POTENTIAL OF THE PERIPHERY

BLACK SHEEP
By Øystein Rø

Alta stands out in the Finnmark urban portfolio. In contrast to other places in the county, it claims to have no needs for “public jobs”, it never built a post war reconstruction plan and it has managed to establish Finnmark’s strongest financial milieu. The town portrays an image of being highly entrepreneurial and pro-active.
The survey team came to Alta wanting to understand why this place, as the only one in Finnmark, has experienced a population growth every year since the Second World War. The place now numbers 18.272, the biggest municipality in Finnmark. In second place come Hammerfest and Sør Varanger with less than 10.000 in population. We met with chief city planner Ommund Heggheim, chief of commerce Jørgen Kristoffersen and planner Ulla Sennesvik in the Town hall.

“Alta is not the “public regional centre” of Finnmark. We don’t have hospitals or major public institutions. It is the private sector that has grown, even though the college and the municipal administration count for some”, says Heggheim, who has lived in Alta since the 70s.
Before the Second World War, Alta was a mere village consisting of the areas Bossekop and Elvebakken. Bossekop was a small mining settlement of Norwegians from the southern inland. This was the administrative centre with police and a priest. Adjacent to it was Elvebakken, consisting of people with Finnish descent. Both placeswere established by long distance immigrants bringing with them a culture of entrepreneurship. But the bipolarity was dominating the life of the place, and continues to do so even today, according to Ulla Sennesvik. Immigrating Samis inhabited the surrounding landscape of Bossekop and Elvebakken, making the area a melting pot of cultures and languages. Like most of Finnmark, Alta was burned down at the end of World War II, and a new plan for the area was proposed by city planner Erik Lorang: a tri-centric plan along a connecting regional road. But because of bickering between Bossekop and Elvebakken his plan was not realized and Alta continued to develop within two
centres.

Three major incidents during the 60s changed Alta forever. The construction of the E6 road turned Alta into a trade centre, the building of an airport connected Alta to the world, and finally the establishment of Finnmark college brought with it new knowledge and competence. This availability of valuable educational experience paved the way for the establishment of several knowledge-based start-ups. These events led to increased activity and need for a new city centre became clear. Lorange’s plan was picked up from the drawer, and the concept of a third urban node between the old centres was given another chance.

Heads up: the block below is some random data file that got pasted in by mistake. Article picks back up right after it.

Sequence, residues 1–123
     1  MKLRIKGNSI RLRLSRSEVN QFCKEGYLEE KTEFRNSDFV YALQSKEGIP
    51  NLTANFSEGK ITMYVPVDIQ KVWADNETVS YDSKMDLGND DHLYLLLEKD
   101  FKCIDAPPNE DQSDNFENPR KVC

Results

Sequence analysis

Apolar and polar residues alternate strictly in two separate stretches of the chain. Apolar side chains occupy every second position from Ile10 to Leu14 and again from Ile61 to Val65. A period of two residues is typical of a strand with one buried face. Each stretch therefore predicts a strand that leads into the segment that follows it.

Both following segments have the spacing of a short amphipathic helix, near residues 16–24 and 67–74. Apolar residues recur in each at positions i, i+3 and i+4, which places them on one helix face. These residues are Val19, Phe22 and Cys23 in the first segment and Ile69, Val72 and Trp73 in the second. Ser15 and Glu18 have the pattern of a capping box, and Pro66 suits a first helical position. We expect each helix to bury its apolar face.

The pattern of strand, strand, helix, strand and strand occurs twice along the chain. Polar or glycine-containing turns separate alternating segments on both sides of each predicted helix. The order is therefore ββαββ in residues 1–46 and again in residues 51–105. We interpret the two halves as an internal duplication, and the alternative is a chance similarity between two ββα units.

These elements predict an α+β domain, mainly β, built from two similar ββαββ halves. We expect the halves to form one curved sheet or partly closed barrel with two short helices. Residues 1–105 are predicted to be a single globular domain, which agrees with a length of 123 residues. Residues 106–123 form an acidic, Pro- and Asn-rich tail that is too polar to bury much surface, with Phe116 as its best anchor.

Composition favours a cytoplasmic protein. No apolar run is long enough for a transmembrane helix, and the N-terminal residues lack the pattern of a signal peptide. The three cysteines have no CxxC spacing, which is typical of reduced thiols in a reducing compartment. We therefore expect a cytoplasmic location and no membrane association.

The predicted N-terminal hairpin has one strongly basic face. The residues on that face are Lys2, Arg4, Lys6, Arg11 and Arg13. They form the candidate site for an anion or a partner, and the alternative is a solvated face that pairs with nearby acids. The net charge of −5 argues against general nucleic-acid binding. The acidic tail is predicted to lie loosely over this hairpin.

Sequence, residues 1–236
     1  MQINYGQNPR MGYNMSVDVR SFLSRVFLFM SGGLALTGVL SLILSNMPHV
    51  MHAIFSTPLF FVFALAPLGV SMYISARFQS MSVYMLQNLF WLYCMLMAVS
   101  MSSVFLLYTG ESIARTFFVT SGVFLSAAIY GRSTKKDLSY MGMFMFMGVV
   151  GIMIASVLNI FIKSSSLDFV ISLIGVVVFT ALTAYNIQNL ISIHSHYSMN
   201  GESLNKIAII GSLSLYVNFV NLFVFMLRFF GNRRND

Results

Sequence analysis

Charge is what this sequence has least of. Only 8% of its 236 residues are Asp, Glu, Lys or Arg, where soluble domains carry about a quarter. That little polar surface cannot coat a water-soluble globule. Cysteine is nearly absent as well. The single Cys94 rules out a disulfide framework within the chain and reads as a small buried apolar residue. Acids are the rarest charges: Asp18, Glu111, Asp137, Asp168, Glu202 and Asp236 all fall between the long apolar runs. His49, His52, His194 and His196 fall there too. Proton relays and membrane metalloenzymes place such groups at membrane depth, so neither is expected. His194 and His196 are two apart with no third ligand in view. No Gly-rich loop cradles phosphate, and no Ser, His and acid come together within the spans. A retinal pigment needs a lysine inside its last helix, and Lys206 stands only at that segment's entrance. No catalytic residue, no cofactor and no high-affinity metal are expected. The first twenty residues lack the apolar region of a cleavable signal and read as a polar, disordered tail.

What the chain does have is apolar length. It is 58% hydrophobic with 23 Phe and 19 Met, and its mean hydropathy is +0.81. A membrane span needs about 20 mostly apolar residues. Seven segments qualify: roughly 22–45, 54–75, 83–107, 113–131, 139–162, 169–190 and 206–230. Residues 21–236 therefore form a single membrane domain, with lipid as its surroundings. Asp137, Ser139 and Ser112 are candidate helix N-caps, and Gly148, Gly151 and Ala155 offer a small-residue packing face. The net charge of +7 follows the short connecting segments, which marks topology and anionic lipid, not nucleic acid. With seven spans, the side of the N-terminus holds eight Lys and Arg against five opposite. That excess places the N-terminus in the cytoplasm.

Disagreements between the Bosekopp and Elvebakken “fractions”, however, further delayed realization of the plans. Both wanted to host the new centre functions. It was only in 1995, when a new regulation plan for a new area, named “City”, next to Loranges centre, was established, that things finally began to materialize.
Since then it has exploded, says Heggheim. Projects for almost 3 billion NOK have been initiated in the area in recent years. New hotel, shopping, housing and entertainment projects have sprung up. To top it all is the Northern Lights Cathedral, a new landmark embodying the brand of the city. Religion is also present in other shapes in the society. Alta is a hot spot in Norway for the Læstadians, a religious group known for banning curtains.
Most of the investments in the “City” come from local capital, capital that began to accumulate back in postwar Finnmark when local entrepreneurs received contracts from all over the county during the reconstruction period. Alta remains a centre for contractors and construction business, and start-ups in new businesses are adding to the list of actors in the private sector.
But are there any clouds in the sky? “Yes”, says Heggheim, and describes challenges that Alta will have to deal with in the future: recruiting new students and a need to find new jobs for local construction firms when the “City” projects come to an end.
The entrepreneurs of Alta seem to take these challenges seriously. In the new “Kunnskapsparken”, a private initiative, businesses in aqua culture, oil, research and tourism all coexist under the same roof. One of the residents, the newly established oil company North Energy, is a sign of local pro-activism in the oil and gas era. The company plays on local patriotism in its ads to recruit employees. As Heggheim says: “Alta needs to be a part of the big processes that are happening in the high north. We have a strategic goal of building contacts with Kirkenes and Russia. We need to be a part of the boom in Russia. There are forces at play that will again change the map of the region.
New places emerge as strategic points.” But Alta is obviously not waiting
around, and sees the whole region as its operative space.
Walking around in the “City” area, one is struck by the resemblance to American
suburbia. Due to its widespread outlay, Alta is based on the use of cars.
Its car friendly attitude makes it convenient for people from the surrounding
districts to do their shopping here. To add to the American ambience, Alta
even has the world’s northernmost Subway restaurant. Car-based, entrepreneurial, religious and a melting pot? Is Alta living the American way? All three in the planning office disapprove of this idea. “Alta cannot be designed from stencils of European cities”, they say. But adaptability, the number of start-ups and cultural diversity are assets most places in the region envy.


Øystein Rø
is born in Trondheim, Norway. He is an architect and co-founder of 0047. He has been working on High North issues since he wrote the Transborder Kirkenes Strategy in 2005-06 with Hans Jørgen Wetlesen. Rø is director of 0047 and secretary of Europan Norway. He lives and works in Oslo, Norway.